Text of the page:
Winston Peters, campaigning as NZ First leader in 2017.  Photo by Hagen Hopkins/Getty Images
Winston Peters, campaigning as NZ First leader in 2017. Photo by Hagen Hopkins/Getty Images

PoliticsSeptember 11, 2017

Winston’s children: meet the tempestuous youth wing of NZ First

Winston Peters, campaigning as NZ First leader in 2017.  Photo by Hagen Hopkins/Getty Images
Winston Peters, campaigning as NZ First leader in 2017. Photo by Hagen Hopkins/Getty Images

Branko Marcetic talks to current and past members of Young NZ First about their role in a party usually linked to the old, about rivalries, radicalism and alt-right infiltration. 

For the longest time, the idea of a New Zealand First youth wing seemed like an oxymoron. “Who qualifies?” went the joke; “Anyone under 50?” How could the party of the Super Gold Card, led by a man who was in parliament before most of the people who could qualify to join were even born, attract significant numbers of youth?

Yet despite having sprung up just seven years ago – and only formally being made part of the party structure two years ago – Young NZ First has risen to a position of surprising prominence. Although many were unwilling to talk, I spoke to several of those previously and currently involved in the group about this journey. Behind it is a story of idealism, radicalism, betrayal, and Facebook statuses.

Sprinkled amid the grey haired majority at Peters’ big hi-tech Gold Card announcement on Saturday were a good few younger people. They’ve always had a soft spot for Peters and his message, say those involved.

“Winston especially has an appeal to younger voters – a celebrity appeal,” says Julian Paul, who played a role in the development of the youth wing and is now the party’s candidate for Epsom.

For better or worse, the youth wing was for the longest time associated with the figure of Curwen Rolinson. Then an Asian studies and politics major at Auckland University, Rolinson had both a meteoric rise within the party hierarchy and in public profile, and an increasingly fractious relationship with party leadership.

“He’s a big personality and very energetic,” says one former member of the party’s youth wing, who we’ll call Jake, who spoke to the Spinoff on condition of anonymity. “Talking himself up and trying to create momentum for his beliefs within the party.”

At the age of 20, Rolinson was elected to the party’s board of directors, only about a year into his membership of the party. He not only became the public face of the youth wing, but according to himself and others, developed a close relationship with Peters. And by the time he was 25, he had resigned under a cloud of infighting and controversy.

With his political career halted – for the time being, at least – Rolinson now works in PR, writing columns for the leftwing Daily Blog in his spare time. Describing himself as a “firebrand young nationalist,” he continues to associate with members of NZ First, even if his presence in the party’s hierarchy is no longer welcome. (Rolinson also still runs the NZ First Youth blog, billed as “a decidedly unofficial repository of the news, views and attitudes of some young people who quite like NZ First”).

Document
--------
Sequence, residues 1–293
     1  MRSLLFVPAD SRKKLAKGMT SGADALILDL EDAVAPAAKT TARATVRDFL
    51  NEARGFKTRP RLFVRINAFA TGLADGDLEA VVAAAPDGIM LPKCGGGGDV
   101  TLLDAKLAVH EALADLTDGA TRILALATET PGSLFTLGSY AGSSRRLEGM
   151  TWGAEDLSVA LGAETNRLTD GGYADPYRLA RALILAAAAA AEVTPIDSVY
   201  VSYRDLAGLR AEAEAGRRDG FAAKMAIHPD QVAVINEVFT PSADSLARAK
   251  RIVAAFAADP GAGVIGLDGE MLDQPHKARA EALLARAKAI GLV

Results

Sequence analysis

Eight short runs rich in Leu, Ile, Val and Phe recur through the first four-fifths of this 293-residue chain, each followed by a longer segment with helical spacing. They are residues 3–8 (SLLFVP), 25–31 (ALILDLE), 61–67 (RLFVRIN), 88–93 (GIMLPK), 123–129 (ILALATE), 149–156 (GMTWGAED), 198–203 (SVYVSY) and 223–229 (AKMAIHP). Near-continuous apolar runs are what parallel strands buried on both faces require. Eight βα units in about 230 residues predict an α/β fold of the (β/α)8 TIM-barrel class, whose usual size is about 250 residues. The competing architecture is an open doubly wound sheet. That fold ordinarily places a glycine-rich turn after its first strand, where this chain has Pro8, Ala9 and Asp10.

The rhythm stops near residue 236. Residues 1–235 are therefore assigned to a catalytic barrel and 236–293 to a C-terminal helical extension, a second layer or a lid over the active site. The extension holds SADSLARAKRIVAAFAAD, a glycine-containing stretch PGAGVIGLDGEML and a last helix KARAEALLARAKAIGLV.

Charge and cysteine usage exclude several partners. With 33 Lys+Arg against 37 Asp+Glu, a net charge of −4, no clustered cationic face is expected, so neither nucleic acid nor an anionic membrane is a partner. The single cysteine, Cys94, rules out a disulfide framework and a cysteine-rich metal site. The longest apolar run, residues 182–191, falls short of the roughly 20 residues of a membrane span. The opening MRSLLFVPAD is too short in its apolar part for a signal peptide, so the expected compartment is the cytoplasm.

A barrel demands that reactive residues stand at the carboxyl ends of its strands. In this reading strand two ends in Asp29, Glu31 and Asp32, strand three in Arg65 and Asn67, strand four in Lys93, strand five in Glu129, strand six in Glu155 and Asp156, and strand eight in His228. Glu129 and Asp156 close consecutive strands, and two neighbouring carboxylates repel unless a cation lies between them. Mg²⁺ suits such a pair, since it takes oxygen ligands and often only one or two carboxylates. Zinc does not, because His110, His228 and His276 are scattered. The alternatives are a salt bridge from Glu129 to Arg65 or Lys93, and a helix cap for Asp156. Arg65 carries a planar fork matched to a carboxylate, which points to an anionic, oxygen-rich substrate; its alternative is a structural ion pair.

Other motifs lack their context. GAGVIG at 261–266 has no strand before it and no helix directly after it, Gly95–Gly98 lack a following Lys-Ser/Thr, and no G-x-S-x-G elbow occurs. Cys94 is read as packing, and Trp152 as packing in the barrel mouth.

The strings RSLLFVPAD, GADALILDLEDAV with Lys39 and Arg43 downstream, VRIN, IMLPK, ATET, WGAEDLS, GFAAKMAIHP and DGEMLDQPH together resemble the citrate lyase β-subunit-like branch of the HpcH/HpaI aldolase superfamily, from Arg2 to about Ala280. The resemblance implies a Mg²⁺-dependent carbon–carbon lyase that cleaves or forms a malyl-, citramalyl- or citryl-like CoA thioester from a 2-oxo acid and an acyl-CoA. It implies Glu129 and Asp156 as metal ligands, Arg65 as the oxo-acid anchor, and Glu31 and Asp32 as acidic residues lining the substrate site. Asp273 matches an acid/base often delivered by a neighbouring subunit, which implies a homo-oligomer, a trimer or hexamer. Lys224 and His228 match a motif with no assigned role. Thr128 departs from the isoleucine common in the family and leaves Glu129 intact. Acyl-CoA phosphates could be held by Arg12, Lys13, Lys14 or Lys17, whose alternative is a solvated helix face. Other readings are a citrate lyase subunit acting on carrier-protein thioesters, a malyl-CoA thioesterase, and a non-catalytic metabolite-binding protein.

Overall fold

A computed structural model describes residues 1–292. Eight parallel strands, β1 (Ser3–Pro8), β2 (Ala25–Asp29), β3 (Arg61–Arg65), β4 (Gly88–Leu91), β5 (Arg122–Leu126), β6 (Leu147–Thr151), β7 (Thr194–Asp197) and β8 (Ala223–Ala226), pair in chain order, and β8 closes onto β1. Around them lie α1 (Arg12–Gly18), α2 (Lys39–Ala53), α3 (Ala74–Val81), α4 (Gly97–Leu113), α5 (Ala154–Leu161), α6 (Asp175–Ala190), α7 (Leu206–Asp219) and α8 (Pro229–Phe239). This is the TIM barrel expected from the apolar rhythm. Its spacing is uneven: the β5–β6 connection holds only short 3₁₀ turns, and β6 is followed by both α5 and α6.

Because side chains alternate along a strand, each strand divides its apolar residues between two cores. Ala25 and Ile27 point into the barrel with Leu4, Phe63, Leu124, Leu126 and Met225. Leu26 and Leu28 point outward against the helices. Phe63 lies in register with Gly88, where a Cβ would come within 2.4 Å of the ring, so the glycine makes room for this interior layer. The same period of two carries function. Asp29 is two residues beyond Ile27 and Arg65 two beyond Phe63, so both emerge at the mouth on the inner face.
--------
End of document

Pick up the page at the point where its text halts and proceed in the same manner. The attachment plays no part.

Current Young NZ First leader Robert Gore and Curwen Rolinson

Party youth wings are typically more progressive than their party’s wider membership. But those who view NZ First as a centrist, or even conservative, party may be surprised by the membership background of its nascent youth wing.

“By and large they were on the left,” says Josh Van Veen, a member and later parliamentary researcher for the party who himself had been a Labour Party member for a number of years.

Van Veen, who considered himself a social democrat, jumped ship to NZ First believing them to be a more effective voice of opposition than Labour. According to him, its members included former Labourites and Greens, as well as others from organisations like Amnesty International and activist movements more generally. Some were from a more radical background.

Rolinson, for instance, came from the Residents Action Movement (RAM) (he was listed number 18 on its 2008 party list), a broad, left-wing, grassroots party chaired by Grant Morgan, a leading member of Socialist Worker. RAM gained prominence in the late 2000s, when it campaigned for Parliament on issues like raising the minimum wage, providing free tertiary education and school lunches, encoding the Treaty of Waitangi into a new constitution, and removing GST from food prices. It also organised against racism, something commentators at the time noted with amusement, given NZ First’s fraught history with race.